• formats (sequence of pq.Format): whether the parameter format is text or binary.

The RawCursor class#

See also

See Raw query cursors for details.

class psycopg.RawCursor(connection: Connection[Any], *, row_factory: RowFactory[Row] | None = None)#

This Cursor subclass has the same interface of the parent class but supports placeholders in PostgreSQL format ($1, $2…) rather than in Python format (%s). Only positional parameters are supported.

New in version 3.2.

The ClientCursor class#

See also

See Client-side-binding cursors for details.

class psycopg.ClientCursor(connection: Connection[Any], *, row_factory: RowFactory[Row] | None = None)#

This Cursor subclass has exactly the same interface of its parent class, but, instead of sending query and parameters separately to the server, it merges them on the client and sends them as a non-parametric query on the server. This allows, for instance, to execute parametrized data definition statements and other problematic queries.

New in version 3.1.

mogrify(query: Query, params: Params | None = None) str#

Return the query and parameters merged.

Parameters are adapted and merged to the query the same way that execute() would do.

Parameters:
  • query (str, bytes, sql.SQL, or sql.Composed) – The query to execute.

  • params (Sequence or Mapping) – The parameters to pass to the query, if any.

The ServerCursor class#

See also

See Server-side cursors for details.

class psycopg.ServerCursor(connection: Connection[Any], name: str, *, row_factory: RowFactory[Row] | None = None, scrollable: bool | None = None, withhold: bool = False)#

This class also implements a DBAPI-compliant interface. It is created by Connection.cursor() specifying the name parameter. Using this object results in the creation of an equivalent PostgreSQL cursor in the server. DBAPI-extension methods (such as copy() or stream()) are not implemented on this object: use a normal Cursor instead.

Most attribute and methods behave exactly like in Cursor, here are documented the differences:

name#

The name of the cursor.

scrollable#

Whether the cursor is scrollable or not.

If None leave the choice to the server. Use True if you want to use scroll() on the cursor.

See also

The PostgreSQL DECLARE statement documentation for the description of [NO] SCROLL.

withhold#

If the cursor can be used after the creating transaction has committed.

See also

The PostgreSQL DECLARE statement documentation for the description of {WITH|WITHOUT} HOLD.

close() None#

Close the current cursor and free associated resources.

Warning

Closing a server-side cursor is more important than closing a client-side one because it also releases the resources on the server, which otherwise might remain allocated until the end of the session (memory, locks). Using the pattern:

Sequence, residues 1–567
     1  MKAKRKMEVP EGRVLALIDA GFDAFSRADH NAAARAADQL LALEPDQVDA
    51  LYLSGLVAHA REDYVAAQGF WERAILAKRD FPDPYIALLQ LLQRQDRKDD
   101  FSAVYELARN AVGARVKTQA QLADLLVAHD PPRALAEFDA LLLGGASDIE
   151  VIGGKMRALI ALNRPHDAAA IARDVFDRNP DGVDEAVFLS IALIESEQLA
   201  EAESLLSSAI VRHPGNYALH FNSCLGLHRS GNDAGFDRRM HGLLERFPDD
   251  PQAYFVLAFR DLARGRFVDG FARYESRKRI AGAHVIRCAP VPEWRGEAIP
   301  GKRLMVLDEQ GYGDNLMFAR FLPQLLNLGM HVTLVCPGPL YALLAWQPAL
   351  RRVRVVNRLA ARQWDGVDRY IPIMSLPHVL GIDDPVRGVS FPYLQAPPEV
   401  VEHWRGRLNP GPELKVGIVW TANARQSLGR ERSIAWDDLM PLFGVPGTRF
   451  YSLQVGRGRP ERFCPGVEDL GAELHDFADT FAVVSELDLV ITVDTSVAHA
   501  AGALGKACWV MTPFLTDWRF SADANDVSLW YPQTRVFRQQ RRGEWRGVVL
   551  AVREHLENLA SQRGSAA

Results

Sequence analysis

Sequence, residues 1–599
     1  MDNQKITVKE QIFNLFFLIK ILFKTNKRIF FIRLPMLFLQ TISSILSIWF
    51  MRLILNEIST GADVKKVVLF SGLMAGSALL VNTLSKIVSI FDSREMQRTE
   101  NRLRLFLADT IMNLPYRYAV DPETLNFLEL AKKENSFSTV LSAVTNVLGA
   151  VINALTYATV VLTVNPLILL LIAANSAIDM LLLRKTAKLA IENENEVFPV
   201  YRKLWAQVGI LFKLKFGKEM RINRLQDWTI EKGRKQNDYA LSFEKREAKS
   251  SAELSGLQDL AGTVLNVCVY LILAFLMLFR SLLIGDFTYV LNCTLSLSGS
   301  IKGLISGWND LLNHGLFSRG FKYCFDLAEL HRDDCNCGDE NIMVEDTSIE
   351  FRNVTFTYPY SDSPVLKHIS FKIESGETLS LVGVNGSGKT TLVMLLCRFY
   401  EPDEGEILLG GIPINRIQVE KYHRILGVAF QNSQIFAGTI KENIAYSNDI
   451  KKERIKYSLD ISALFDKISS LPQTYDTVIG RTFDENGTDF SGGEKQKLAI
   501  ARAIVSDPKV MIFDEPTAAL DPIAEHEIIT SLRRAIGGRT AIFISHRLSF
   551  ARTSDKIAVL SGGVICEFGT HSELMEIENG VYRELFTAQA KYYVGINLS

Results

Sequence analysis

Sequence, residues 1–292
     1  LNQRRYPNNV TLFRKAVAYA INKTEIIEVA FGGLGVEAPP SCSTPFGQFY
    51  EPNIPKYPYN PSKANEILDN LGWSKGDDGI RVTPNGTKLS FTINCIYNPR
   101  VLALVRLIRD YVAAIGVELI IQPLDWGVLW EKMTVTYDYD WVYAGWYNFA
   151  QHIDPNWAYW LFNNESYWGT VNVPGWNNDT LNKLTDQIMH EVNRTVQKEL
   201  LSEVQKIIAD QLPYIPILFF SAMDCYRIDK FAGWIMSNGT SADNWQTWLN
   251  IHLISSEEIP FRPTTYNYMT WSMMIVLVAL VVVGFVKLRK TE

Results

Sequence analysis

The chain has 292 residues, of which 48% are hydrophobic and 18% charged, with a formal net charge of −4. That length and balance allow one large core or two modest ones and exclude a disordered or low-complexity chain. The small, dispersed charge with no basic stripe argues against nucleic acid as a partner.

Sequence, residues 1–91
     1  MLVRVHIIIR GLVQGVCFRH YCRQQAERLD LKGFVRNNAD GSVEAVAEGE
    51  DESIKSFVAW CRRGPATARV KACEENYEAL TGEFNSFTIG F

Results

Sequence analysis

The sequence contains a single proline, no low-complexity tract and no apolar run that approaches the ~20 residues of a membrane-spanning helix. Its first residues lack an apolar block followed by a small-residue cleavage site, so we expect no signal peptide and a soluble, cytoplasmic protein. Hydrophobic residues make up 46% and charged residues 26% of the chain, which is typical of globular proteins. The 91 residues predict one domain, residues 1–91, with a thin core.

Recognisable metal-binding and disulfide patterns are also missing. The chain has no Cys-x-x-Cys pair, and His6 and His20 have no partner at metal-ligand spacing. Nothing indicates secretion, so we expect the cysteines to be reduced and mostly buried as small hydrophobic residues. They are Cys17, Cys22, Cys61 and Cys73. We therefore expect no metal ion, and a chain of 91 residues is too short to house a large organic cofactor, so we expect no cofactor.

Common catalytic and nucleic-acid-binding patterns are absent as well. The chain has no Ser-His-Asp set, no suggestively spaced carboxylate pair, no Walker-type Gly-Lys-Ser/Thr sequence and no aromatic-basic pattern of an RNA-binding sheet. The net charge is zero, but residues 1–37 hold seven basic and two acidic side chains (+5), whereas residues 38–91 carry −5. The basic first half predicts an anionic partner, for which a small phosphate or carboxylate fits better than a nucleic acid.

with conn.cursor():
    ...

is especially useful so that the cursor is closed at the end of the block.

execute(query: Query, params: Params | None = None, *, binary: bool | None = None, **kwargs: Any) Self#

Open a cursor to execute a query to the database.

Parameters:
  • query (str, bytes, sql.SQL, or sql.Composed) – The query to execute.

  • params (Sequence or Mapping) – The parameters to pass to the query, if any.

  • binary – Specify whether the server should return data in binary format (True) or in text format (False). By default (None) return data as requested by the cursor’s format.

Create a server cursor with given name and the query in argument.

If using DECLARE is not appropriate (for instance because the cursor is returned by calling a stored procedure) you can avoid to use execute(), crete the cursor in other ways, and use directly the fetch*() methods instead. See “Stealing” an existing cursor for an example.

Using execute() more than once will close the previous cursor and open a new one with the same name.

executemany(query: Query, params_seq: Iterable[Params], *, returning: bool = True) None#

Method not implemented for server-side cursors.

fetchone() Optional[Row]#

Return the next record from the current recordset.

Return None the recordset is finished.

Return type:

Row | None, with Row defined by row_factory

fetchmany(size: int = 0) list[+Row]#

Return the next size records from the current recordset.

size default to self.arraysize if not specified.

Return type:

Sequence[Row], with Row defined by row_factory

fetchall() list[+Row]#

Return all the remaining records from the current recordset.

Return type:

Sequence[Row], with Row defined by row_factory

These methods use the FETCH SQL statement to retrieve some of the records from the cursor’s current position.

Note

You can also iterate on the cursor to read its result one at time with:

for record in cur:
    ...

In this case, the records are not fetched one at time from the server but they are retrieved in batches of itersize to reduce the number of server roundtrips.

itersize: int#

Number of records to fetch at time when iterating on the cursor. The default is 100.

scroll(value: int, mode: str = 'relative') None#

Move the cursor in the result set to a new position according to mode.

If mode is 'relative' (default), value is taken as offset to the current position in the result set; if set to 'absolute', value states an absolute target position.

Raise IndexError in case a scroll operation would leave the result set. In this case the position will not change.

This method uses the MOVE SQL statement to move the current position in the server-side cursor, which will affect following fetch*() operations. If you need to scroll backwards you should probably call cursor() using scrollable=True.